Seattle Restored gets financial boost to help small business owners

Seattle Restored was launched in 2022 and works to activate vacant spaces with artwork and pop-up shops.

SEATTLE — A program aimed at helping Downtown Seattle recover just got a boost in funding.

Seattle Restored launched in 2022 and works to occupy the city’s vacant spaces with small businesses. The program activates vacant spaces with artwork and pop-up shops. They have activated 31 pop-up shops so far, including Mixed Pantry in Belltown.

“We started out as a pop up retail store in January 2023,” said Takeshi Kunimune, the owner of Mixed Pantry.

Takeshi Kunimune, who goes by Tak, said before the store opened as a pop-up, the building was just sitting empty.

Vacant buildings and storefronts have been a common sight in Seattle since 2020. 

“This is, you know, right after the pandemic. So, the streets were kind of sparse and everything around here was pretty closed too,” said Kunimune.

When the store was a pop-up, Kunimune paid nothing to be able to have his store in the space. Seattle Restored pays the building owner a below market rate for the once vacant space.

But Mixed Pantry is no longer a pop-up shop. Kunimune just signed a five-year lease to be a more permanent part of the Belltown community.

“It’s been a great opportunity for me to learn and just be able to share all these different Asian community cultures with everybody,” said Kunimune.

In 2024, Seattle Restored hopes to help more of their pop-up shop business owners sign long-term leases. They will now be able to support more businesses in doing this because Seattle Restored just received $200,000 from JP Morgan Chase. This is their first private investment.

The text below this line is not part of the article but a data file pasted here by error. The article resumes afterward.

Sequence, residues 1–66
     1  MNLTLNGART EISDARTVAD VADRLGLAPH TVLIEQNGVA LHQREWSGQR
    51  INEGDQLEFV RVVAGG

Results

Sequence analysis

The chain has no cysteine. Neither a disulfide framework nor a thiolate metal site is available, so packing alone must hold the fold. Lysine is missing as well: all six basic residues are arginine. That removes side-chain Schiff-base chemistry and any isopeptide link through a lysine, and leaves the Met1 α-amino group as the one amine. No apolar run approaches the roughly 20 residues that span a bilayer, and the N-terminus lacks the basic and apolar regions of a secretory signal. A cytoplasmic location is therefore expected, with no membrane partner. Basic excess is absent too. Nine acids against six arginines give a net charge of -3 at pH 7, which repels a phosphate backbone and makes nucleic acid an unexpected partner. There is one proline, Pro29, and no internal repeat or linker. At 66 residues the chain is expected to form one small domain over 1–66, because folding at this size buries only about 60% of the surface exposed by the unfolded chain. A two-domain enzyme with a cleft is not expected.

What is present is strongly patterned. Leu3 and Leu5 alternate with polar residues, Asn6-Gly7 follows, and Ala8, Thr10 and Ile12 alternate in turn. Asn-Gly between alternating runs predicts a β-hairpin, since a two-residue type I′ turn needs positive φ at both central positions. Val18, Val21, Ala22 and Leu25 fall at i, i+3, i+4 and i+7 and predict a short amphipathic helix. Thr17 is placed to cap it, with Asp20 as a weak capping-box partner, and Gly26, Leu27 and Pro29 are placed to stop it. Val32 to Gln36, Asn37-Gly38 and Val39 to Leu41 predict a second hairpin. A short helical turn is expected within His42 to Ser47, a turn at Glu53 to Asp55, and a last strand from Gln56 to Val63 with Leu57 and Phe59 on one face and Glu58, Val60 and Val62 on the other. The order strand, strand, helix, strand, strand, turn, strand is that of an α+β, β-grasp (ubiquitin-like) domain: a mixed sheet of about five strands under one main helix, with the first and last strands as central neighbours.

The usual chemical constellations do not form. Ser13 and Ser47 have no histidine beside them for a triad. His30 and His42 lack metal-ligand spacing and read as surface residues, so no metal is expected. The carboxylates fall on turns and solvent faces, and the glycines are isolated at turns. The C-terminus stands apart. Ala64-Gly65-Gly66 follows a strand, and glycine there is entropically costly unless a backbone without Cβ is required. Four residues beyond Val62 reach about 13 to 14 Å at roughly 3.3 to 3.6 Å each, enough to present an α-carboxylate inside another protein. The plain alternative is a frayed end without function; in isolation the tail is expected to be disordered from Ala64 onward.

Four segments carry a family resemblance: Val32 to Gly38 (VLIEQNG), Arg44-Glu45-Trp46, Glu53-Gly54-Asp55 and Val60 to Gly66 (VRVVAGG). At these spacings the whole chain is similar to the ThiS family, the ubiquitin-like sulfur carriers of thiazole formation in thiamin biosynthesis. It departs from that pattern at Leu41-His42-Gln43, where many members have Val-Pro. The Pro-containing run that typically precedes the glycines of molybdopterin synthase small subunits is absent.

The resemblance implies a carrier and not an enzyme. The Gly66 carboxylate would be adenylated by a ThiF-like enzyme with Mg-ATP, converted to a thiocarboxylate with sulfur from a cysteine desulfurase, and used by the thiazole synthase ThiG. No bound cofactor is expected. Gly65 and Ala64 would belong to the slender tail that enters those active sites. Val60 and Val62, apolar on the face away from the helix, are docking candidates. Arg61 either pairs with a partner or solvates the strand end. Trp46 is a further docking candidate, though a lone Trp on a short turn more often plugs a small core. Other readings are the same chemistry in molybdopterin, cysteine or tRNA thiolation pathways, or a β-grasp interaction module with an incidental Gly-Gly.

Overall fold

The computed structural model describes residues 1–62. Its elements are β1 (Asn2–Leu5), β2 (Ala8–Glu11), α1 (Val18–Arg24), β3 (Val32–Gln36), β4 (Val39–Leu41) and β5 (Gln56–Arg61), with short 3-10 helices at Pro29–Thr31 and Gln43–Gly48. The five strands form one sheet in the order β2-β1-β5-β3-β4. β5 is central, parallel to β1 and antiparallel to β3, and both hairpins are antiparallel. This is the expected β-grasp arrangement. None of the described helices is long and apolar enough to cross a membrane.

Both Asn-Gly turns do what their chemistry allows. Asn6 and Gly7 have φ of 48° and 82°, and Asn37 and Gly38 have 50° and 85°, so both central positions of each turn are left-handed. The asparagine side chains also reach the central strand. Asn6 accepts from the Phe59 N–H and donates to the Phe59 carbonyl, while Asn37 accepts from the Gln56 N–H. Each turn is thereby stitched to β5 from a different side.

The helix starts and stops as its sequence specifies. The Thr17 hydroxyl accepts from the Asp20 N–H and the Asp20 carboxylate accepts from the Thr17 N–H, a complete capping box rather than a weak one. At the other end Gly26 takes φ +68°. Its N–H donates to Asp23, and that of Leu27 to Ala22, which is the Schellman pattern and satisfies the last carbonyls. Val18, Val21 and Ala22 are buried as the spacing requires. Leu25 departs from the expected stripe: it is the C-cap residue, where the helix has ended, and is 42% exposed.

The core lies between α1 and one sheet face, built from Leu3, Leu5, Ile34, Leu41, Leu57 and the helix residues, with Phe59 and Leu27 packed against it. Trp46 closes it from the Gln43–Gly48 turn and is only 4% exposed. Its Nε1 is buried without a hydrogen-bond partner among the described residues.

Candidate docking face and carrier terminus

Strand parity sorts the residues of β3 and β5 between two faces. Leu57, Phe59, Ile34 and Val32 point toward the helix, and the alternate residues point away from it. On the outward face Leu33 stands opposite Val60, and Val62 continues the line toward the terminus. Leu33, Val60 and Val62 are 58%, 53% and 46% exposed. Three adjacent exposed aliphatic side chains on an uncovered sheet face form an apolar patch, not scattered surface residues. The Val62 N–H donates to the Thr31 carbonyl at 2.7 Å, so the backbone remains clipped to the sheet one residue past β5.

Seattle Mayor Bruce Harrell said the investment “reflects an endorsement of the ingenuity of local entrepreneurs, and a shared commitment to the work we are doing to revitalize Downtown and create a more inclusive and equitable economy.”

He said the program allows Seattle streetscapes to be filled with new businesses and art from entrepreneurs, artists, and small businesses who otherwise may not have been able to find or afford a commercial home in the urban core.

“Chase has been able to come in and say, ‘Yes, we really want to see those long-term leases secured for entrepreneurs and help them take that lead to grow their business,’” said Andrea Porter, the program director for Seattle Restored.

Porter said not only is filling vacant spaces good for Seattle’s economy, but it also creates safer and more vibrant neighborhoods.

“Just having more foot traffic in the neighborhood, right?’ said Porter. “You have more people that care about a space, care about the community that’s being built there.”

In Belltown, Kunimune said he is proud to be a part of the community and is hopeful Seattle will continue to recover. 

“I feel like more small businesses are coming to downtown neighborhoods. So, I’m very, very, very excited about it,” said Kunimune.

The program also puts a focus on helping Black, Indigenous, and other entrepreneurs of color. 85% of the people that participate in the program are BIPOC.

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